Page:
The trad grip looks a bit unnatural when you first see it, but it does have an advantage for many of the patterns often used  in jazz. Once you’ve mastered the skill, a slight rotation of the wrist and subtle use of the fingers makes some difficult techniques (e.g. rolls) much easier to do rapidly with this grip than with the balanced grip. I’m not claiming to be a drummer when I say all this, but my Dad was and he did teach me the rudiments. In fact, he thought that drummers who used the balanced grip weren’t proper drummers at all!

(I’ll no doubt get a bunch of angry comments from rock drummers now, but what the hell…)

Anyway you can see Joe Morello using the trad grip to great effect in this clip, in which he displays astonishing speed, accuracy and control. The way he builds that single-stroke roll from about 2:28 is absolutely astonishing. In fact he’s so much in command throughout his solo, that he even has time to adjust his spectacles and move his bass drum a bit closer! Jazz musicians used to joke that atomic clocks could be set to Joe Morello, as he kept time so accurately, but as you can see in this clip he did so much more than beat out a rhythm. It’s only about 3 minutes long but this solo really is a master class.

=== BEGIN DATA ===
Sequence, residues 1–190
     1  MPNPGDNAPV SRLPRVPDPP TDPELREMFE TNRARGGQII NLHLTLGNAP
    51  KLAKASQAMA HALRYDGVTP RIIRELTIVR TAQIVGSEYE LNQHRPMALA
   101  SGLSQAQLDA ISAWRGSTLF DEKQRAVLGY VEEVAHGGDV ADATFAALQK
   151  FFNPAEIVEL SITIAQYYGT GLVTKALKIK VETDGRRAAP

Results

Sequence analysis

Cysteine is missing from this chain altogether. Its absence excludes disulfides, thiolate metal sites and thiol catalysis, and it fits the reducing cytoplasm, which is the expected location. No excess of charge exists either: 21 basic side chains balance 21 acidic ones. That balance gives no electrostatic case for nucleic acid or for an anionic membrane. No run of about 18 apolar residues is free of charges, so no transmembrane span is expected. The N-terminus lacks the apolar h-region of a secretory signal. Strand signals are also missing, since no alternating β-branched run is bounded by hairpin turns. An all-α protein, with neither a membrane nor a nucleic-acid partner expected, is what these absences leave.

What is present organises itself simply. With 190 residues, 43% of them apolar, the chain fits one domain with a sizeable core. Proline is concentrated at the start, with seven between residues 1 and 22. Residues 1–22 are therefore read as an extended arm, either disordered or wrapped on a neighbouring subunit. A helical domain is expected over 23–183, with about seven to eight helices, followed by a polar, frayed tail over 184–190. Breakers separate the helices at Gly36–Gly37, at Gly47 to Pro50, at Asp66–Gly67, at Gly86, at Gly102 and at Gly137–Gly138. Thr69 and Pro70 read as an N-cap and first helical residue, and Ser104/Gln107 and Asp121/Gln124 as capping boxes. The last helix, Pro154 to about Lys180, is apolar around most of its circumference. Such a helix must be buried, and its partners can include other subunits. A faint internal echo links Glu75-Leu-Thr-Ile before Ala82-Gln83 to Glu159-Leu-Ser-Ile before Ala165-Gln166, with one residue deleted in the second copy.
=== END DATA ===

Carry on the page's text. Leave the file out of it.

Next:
Joe Morello was never a ‘showy’ musician. He never adopted the popular image of the drummer as the madman who sat at the back of the band that was cultivated by the likes of Gene Krupa in the jazz world and later spread into rock’n’roll. Bespectacled and wearing a suit and tie he looks a bit like a bank clerk, but boy could he play! The expression on Dave Brubeck’s face tells you that he knew he was very lucky to have Joe Morello in his band.

 

 

Ba-dum Ching!

Posted in Music with tags , , , , on May 15, 2011 by telescoper

One of the good things about having a blog is the chance to bore the entire internet with your own peculiar obsessions. As regular readers of In the Dark will be aware, one of my fascinations is the origin and evolution of words and phrases. This morning I had an interesting exchange on Twitter with neuroscientist and comedian extraordinaire Dean Burnett, which revolved around the word “rimshot”…and a similar word with quite different meaning which I won’t repeat in polite company.